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  2. One obvious question is whether all the flatworms' neurones are actually in the head. No, really.

    Invertebrates often have nervous systems with considerable nos. of neurones in 'ganglia' within others parts of the body. So removing a flatworm's head may not actually be removing all or even most its 'decision making nervous system', as the 'head end' neurones may only control a certain sub-set of what the animal does.

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  3. How about the possibility that the new brains were more receptive to 'training'?
    That, on the face of it, seems a much simpler explanation than memories retained through decapitation but needing to be refreshed?!

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    1. The "refresher" session was the same for both groups of worms--everyone got one session in the rough-bottomed dish. So if they were just more receptive to training, you'd expect both groups of worms to respond to the refresher session.

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    2. Ah, I misread that - I didn't spot there were untrained beheaded worms in there too :)

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  4. My first reaction is that in some way, the sense organs in the skin have been trained to have a pleasant feeling on a rough underground. If this 'pleasant' message is sent to the new brain, it is also more likely to be less fearful. So the memory would be partly in the skin that feels the roughness, and maybe already interprets it?

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  5. If I spend my days walking barefoot on gravel, my feet get tough. Thus, I can more easily walk on gravel.

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  6. lots of interesting suggestions by others here. - I wonder what the results are for the reverse. Let the heads grow a new body then test their memory, this may sound obvious but it would shed some light on the explanation.

    Prof Ian Bell
    Institute of Backyard Studies
    www.ibys.org/‎

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  7. This is new? Wasn't this done during the 1950's using the Y maze? and several other variants?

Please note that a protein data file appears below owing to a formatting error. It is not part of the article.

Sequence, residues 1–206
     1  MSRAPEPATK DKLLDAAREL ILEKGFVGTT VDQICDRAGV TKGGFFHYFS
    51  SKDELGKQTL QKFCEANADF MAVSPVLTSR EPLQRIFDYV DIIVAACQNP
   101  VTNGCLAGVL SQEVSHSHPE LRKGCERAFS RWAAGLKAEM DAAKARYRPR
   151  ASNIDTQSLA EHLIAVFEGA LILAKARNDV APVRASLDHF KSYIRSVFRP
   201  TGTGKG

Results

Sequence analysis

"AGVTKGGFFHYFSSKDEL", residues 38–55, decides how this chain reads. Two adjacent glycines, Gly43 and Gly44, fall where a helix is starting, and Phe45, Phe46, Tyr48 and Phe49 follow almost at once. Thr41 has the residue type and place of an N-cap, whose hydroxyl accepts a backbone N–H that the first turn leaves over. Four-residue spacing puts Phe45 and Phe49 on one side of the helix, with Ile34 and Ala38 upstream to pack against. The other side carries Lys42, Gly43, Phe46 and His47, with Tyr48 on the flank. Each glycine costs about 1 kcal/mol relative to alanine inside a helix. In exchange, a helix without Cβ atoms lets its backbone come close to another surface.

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  8. This is amazing, its like the opposite of Hermann Ebbinghaus' forgetting curve. In his experiment he tested how long it took himself to forget information after different lengths of time. this experiment is similar because the worms were trained to learn a different atmosphere in 14 days then their heads were removed (which took the same amount of time to grow back as the training session)and they had to see if they would remember or forget the atmosphere.

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  9. "If I spend my days walking barefoot on gravel, my feet get tough. Thus, I can more easily walk on gravel."

    Very true. This apparent retention of ability could simply be through gaining of some mechanical/structural capacity during training sessions that does not have anything to do with the worm's nervous system. With their experimental design, relating this to "memory" in its behavioral sense is far fetched.

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  10. Could this finally explain why some people say my brain is in my trousers?
    I thank you!
    I like the idea of the new brain receiving stronger pleasure signals from the acostomed sense organs than the unaccustomed, but what do I know, I'm just here to make wise cracks.

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  11. sounds like muscle memory for me..

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    Replies
    1. and by the way the link to the paper doesn't work... I tried searching for the paper on webofknowledge but couldn't find it too.

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    2. Malcolm, the link in the text (3rd paragraph from the bottom) should take you to the paper at JEB. (It's not open access, though.)